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FUNDS


Dublin. Left: the Cayman Islands


Ireland’s net asset value of domiciled funds reached an all-time high of €963bn in December 2010


also expected to lead to major changes in the geographic mapping of fund vehicles and investment advisers – and, again, the Channel Islands may benefit.


Transatlantic shift In the British Virgin Islands, the Securities and Investment Business Act (2010), which came into force in November 2010, has required all investment firms to obtain licenses from the Financial Services Commission (FSC), and this is expected to lead to an exodus of investment advisers seeking lighter regulation. Fund vehicles, based in less-regulated


offshore centres such as the Cayman Islands, British Virgin Islands and Bermuda, have already been seeking domicile in European centres with better regulation to enhance their appeal to EU investors. “We have seen a couple of funds


migrating to Guernsey from Bermuda, and also from the Bahamas,” says Davy. Devenport, however, points to possibly


the main beneficiary of the legislation. “We have not really seen a big movement away from the Cayman Islands to Jersey,” he says.


34 businesslife.co April/May 2011


“Although a small number of funds have relocated to Ireland.” Indeed, despite its economic difficulties,


Ireland has been a key beneficiary of the relocation of fund vehicles from the Caribbean. Its net asset value of domiciled funds reached an all-time high of €963bn in December 2010 – up nearly a third from €748bn at the end of 2009. “The main focus of our fund activity in


Ireland is as a domicile for investment fund entities and the servicing of those entities,” explains Gary Palmer, Chief Executive Officer of the Irish Funds Industry Association. “About 43 per cent of hedge fund vehicles are serviced in Ireland, including a large proportion of those domicile in the Caribbean.” He explains that growing awareness of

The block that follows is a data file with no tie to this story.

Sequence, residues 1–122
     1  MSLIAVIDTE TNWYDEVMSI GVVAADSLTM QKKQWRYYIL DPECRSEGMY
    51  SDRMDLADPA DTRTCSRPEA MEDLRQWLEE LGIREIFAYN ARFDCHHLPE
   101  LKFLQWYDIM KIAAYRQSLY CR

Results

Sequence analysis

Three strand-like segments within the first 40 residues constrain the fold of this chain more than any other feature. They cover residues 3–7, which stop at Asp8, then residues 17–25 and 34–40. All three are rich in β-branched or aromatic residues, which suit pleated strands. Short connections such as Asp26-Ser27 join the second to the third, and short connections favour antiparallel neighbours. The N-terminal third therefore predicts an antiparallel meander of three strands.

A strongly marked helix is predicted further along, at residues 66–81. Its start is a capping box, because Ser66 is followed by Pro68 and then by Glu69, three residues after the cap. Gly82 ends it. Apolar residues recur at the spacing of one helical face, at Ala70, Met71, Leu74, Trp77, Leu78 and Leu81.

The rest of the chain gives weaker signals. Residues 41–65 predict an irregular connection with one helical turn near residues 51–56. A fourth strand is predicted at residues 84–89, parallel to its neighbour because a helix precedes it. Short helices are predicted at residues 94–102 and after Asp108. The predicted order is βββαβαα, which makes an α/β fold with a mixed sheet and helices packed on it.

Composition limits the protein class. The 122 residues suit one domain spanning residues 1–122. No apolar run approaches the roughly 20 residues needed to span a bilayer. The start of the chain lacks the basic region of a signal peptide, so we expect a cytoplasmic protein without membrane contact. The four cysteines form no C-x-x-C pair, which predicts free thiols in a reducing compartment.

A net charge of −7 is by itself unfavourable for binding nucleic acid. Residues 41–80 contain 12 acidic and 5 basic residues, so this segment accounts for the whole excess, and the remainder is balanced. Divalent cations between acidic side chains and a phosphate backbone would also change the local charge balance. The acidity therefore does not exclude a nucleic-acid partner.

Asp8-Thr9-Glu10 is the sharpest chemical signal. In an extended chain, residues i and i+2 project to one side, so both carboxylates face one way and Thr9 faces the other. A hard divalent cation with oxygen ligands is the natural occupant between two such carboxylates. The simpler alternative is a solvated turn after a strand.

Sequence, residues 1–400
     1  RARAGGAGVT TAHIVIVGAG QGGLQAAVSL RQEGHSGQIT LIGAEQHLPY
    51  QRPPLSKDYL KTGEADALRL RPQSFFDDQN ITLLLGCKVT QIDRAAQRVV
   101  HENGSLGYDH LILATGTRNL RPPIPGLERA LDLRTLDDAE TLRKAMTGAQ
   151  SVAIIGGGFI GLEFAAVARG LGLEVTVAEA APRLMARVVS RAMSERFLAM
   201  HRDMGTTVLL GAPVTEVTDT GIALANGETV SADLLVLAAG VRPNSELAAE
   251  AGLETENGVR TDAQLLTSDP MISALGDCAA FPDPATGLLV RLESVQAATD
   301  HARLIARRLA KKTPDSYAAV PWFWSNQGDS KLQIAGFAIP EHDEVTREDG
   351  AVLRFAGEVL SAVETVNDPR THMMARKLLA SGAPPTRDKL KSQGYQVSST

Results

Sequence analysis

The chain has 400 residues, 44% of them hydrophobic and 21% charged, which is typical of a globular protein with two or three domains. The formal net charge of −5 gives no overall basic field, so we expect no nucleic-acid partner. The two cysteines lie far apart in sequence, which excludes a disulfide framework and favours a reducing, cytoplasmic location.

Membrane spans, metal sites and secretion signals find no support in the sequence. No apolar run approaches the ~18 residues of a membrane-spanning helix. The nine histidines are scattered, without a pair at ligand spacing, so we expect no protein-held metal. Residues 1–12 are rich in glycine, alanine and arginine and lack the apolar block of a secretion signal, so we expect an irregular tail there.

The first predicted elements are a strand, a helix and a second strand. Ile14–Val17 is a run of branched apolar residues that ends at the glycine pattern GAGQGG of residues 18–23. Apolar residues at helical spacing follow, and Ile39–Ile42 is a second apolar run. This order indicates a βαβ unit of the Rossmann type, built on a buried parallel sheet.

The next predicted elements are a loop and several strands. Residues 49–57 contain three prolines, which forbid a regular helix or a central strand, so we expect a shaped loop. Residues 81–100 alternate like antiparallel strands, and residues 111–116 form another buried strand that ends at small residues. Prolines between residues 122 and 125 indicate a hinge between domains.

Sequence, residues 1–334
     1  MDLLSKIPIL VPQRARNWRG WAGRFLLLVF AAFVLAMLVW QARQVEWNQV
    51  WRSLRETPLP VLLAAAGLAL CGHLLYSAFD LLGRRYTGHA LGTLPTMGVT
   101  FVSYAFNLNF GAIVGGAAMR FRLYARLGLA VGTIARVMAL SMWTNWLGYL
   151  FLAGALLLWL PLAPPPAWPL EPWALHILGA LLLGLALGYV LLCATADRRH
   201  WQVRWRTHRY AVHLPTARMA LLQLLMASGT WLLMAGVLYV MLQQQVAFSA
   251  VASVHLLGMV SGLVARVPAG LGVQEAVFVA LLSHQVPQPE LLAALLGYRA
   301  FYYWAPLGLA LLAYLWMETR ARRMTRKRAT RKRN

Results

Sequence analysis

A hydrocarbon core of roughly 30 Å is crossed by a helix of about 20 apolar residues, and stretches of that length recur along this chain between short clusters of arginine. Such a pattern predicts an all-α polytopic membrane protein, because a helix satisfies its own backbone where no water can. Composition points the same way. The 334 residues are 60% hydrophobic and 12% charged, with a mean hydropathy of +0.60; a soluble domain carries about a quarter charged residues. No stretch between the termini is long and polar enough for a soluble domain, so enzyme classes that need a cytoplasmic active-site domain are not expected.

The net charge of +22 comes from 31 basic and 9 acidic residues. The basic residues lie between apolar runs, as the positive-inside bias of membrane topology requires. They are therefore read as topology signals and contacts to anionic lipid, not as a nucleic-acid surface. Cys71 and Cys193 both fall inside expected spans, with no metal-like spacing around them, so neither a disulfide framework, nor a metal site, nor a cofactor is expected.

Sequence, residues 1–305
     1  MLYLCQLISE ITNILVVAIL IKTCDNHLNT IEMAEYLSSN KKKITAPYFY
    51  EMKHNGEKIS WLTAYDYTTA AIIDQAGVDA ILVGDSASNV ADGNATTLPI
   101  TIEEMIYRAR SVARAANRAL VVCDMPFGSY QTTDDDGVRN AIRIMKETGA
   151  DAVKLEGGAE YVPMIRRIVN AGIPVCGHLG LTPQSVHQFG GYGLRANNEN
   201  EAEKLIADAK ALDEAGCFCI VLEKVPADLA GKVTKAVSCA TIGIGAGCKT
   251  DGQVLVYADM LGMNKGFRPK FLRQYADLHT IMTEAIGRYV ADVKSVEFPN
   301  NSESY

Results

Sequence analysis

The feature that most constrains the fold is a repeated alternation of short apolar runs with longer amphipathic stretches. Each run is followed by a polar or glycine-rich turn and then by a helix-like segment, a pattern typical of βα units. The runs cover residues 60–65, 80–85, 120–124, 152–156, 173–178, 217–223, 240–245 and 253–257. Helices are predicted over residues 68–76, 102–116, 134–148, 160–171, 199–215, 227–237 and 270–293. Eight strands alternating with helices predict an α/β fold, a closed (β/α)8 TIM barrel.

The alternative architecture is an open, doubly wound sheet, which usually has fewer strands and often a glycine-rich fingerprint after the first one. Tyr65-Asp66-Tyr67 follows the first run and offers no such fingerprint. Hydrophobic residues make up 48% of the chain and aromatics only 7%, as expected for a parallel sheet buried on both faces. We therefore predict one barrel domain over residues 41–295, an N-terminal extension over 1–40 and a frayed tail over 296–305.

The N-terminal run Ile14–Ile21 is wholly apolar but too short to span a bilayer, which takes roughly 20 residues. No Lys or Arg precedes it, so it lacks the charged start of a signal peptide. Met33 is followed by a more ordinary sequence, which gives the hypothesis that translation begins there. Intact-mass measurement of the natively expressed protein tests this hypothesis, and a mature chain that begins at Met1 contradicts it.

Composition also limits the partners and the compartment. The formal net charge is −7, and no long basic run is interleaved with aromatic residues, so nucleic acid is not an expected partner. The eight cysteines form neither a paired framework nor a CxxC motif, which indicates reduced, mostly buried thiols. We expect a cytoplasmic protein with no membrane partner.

Ireland’s expertise in servicing alternative investments has helped it attract fund vehicles from offshore centres. “In December 2009, we also introduced new legislation to ease the redomiciling of investment funds into Ireland, and this clearly assisted funds looking to move here. There is also a growing trend towards greater regulation, and because of investors’


demands here, fund managers have sought to set up fund vehicles in Ireland.” In 1996, Ireland also started offering


incoming funds the opportunity to structure as Qualifying Investor Funds, regulated investment fund vehicles, which, it claims, already comply with most AIFMD requirements. “This was the first regulated vehicle for


alternative investment funds, and over the last 15 years the framework has evolved and developed,” adds Palmer. However, although Ireland has a small


domestic fund management industry, and would like to attract more fund managers, it is unlikely to benefit from any relocations driven by AIFMD. “Ireland needs to comply with AIFMD, and right now many funds will be wondering whether or not they need it, so there is still uncertainty,” says Kirkby. One thing that does seems quite certain,


however, is that the map of the global funds industry is set to continue to change for the next couple of years at the very least. n


Liz Salecka is the former Editor of European Banker


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